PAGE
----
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On 24-26th June, the First Pangolin Range States meeting was held in Da Nang, Vietnam, and members of the IUCN SSC Pangolin Specialist Group (PangolinSG) played a key role in this meeting. Organised by the US and Vietnamese governments and NGO sponsors including IFAW, Humane Society International (HSI), Natural Resources Defence Council and the Freeland Foundation, the purpose of the meeting was to foster collaboration between Pangolin Range States, consuming countries, and stakeholders, in order to discuss the latest information on pangolin status and trade and develop a series of actions to protect pangolins against overexploitation as a result of international trade.


PangolinSG members at the First Pangolin Range States meeting: Top (L-R) Jeff Flocken, Nguyen Van Thai, Dan Challender, Heidi Quine (Save Vietnam’s Wildlife), Darren Pietersen, Carly Waterman; bottom (L-R) Leanne Wicker, Madhu Rao (IUCN/WCS), Lisa Hywood and Levita Lagrada.

The PangolinSG was represented by eight members (Dan Challender, Jeff Flocken, Lisa Hywood, Levita Lagrada, Darren Pietersen, Scott Roberton, Nguyen Van Thai, Carly Waterman and Leanne Wicker) each of which played a pivotal role in the three day meeting. On the first day of the meeting, a series of presentations were delivered and three of the six technical presentations came from PangolinSG members who shared their expertise with delegates. This included PangolinSG Co-Chair, Dan Challender and Red List Authority Focal Point, Carly Waterman who presented on the global conservation status of pangolins following recent assessments of the global status of each pangolin species for the IUCN Red List of Threatened SpeciesTM. It also involved Dan Challender presenting on international and domestic trade in pangolins and their derivatives and a presentation on pangolin captivity issues delivered by Nguyen Van Thai, Leanne Wicker, Lisa Hywood, and Frank Kohn of the US Fish and Wildlife Service.

All members then actively engaged in working groups formed on the second day, and which were asked to make specific recommendations on the conservation, status and monitoring of pangolins, the management and implementation of existing laws, regulations and policies (include legal harvest and trade and captive stock), and enforcement and compliance (including illegal harvest and trade and cross-border laundering). The PangolinSG action plan ‘Scaling up Pangolin Conservation’, which was released last year, was a crucial document to inform working group discussions. On the third day all delegates had the opportunity to review recommendations from their working group before providing feedback to a plenary session on the recommendations from the meeting.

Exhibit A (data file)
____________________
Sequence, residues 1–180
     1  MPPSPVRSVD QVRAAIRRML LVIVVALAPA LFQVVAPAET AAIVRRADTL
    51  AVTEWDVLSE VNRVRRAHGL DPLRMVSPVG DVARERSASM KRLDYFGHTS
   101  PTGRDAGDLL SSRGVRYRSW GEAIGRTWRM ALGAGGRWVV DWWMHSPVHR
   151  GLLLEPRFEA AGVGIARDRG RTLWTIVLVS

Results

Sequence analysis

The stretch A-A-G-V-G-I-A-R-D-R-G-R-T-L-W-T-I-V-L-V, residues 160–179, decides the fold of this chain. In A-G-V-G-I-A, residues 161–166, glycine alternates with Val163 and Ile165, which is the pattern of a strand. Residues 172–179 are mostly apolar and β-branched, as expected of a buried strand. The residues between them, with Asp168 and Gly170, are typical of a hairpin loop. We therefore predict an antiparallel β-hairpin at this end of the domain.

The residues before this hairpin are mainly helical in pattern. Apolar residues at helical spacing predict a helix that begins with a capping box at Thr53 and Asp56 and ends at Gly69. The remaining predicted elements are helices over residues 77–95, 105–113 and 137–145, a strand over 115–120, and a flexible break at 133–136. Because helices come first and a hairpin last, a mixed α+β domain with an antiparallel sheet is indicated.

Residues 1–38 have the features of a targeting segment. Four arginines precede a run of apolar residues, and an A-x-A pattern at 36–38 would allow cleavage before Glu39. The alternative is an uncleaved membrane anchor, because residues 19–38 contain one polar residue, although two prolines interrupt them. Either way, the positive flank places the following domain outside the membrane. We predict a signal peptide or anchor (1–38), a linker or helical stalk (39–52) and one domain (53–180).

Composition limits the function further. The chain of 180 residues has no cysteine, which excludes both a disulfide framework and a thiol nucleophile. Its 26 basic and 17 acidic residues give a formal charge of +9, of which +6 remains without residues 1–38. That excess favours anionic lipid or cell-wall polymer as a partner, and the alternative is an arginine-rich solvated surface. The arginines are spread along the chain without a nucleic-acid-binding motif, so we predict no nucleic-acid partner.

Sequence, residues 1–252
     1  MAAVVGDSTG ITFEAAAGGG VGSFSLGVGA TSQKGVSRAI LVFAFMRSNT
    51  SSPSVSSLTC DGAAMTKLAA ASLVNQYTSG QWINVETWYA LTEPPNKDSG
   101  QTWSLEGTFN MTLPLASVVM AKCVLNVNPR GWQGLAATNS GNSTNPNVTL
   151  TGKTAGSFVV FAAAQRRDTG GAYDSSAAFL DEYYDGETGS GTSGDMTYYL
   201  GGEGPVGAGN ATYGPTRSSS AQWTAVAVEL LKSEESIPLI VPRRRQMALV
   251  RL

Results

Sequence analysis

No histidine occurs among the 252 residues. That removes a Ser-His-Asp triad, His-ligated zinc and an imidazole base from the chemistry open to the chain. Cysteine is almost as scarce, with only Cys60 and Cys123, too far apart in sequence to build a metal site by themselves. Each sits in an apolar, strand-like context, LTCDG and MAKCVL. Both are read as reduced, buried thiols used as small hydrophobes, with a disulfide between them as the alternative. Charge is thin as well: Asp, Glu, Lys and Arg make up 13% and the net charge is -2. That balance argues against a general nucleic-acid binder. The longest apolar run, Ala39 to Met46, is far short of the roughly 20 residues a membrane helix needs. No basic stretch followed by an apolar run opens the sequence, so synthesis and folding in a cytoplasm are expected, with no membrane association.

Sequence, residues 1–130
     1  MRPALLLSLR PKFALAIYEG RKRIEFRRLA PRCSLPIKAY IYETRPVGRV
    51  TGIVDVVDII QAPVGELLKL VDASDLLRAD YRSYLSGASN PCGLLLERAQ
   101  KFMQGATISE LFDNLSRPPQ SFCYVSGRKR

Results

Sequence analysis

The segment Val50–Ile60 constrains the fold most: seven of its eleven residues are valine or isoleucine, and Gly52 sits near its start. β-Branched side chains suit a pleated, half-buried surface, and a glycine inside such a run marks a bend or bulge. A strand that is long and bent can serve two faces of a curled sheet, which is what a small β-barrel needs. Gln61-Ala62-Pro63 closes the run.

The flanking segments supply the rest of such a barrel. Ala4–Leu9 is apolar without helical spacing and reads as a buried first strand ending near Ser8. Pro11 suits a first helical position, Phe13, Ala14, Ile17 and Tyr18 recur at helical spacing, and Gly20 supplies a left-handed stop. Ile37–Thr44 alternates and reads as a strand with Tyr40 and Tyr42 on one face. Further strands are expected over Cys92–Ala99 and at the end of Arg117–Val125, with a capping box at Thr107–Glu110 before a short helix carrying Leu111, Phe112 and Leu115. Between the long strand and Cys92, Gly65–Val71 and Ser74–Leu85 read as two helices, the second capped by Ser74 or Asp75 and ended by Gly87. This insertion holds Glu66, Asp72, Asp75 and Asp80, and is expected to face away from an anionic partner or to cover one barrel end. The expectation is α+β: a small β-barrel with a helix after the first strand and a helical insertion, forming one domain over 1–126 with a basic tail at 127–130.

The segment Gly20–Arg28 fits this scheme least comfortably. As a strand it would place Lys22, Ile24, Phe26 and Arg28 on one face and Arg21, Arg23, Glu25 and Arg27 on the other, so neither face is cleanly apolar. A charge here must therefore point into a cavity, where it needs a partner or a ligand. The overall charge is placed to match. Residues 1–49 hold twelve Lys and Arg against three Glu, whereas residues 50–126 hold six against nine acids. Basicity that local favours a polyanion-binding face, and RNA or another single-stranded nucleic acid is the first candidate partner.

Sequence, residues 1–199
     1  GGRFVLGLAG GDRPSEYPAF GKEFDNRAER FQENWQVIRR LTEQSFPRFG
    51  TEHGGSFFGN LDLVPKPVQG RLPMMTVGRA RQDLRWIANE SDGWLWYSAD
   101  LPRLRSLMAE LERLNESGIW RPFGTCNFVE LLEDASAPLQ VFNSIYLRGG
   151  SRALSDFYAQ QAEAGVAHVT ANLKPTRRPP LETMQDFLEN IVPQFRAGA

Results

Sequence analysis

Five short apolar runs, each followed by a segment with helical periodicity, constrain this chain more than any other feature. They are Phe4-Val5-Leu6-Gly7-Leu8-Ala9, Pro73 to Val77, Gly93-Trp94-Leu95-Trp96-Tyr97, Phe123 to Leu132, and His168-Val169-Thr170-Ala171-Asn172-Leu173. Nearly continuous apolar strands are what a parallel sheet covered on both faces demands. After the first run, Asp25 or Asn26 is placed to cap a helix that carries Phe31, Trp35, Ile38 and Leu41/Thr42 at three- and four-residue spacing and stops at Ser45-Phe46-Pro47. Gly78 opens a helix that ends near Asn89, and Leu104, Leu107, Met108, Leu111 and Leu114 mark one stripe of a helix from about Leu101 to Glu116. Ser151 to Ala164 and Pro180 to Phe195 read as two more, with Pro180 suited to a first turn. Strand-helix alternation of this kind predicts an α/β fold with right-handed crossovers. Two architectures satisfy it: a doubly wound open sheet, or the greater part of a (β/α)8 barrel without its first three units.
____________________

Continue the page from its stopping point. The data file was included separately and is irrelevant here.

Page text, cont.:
Nguyen Van Thai presenting at the First Pangolin Range States meeting

Nguyen Van Thai presenting at the First Pangolin Range States meeting

In addition, the PangolinSG was also asked specifically to help Pangolin range states in their efforts to conserve and manage pangolin populations by undertaking three initiatives. These include (1) mapping the legal protection afforded to pangolins across range states in Africa and Asia, along with the distribution of each species and legal and illegal trade routes, (2) developing husbandry guidelines for maintaining pangolins in captivity, and (3) developing methodologies with which to accurately and reliably census pangolin populations, and members of the PangolinSG are already working on these important initiatives.

The full set of recommendations from this first of its kind meeting will be published in due course, and should help guide the conservation of pangolins. Dan Challender, Co-Chair of the PangolinSG said “this was an important meeting and bringing together pangolin range state delegates and relevant pangolin experts should help in fostering international collaborations to the benefit of pangolin conservation. In 2014, the PangolinSG published its ‘Scaling up Pangolin Conservation’ action plan, and the recommendations from this meeting have the potential to complement these actions and help deliver pangolin conservation globally.”

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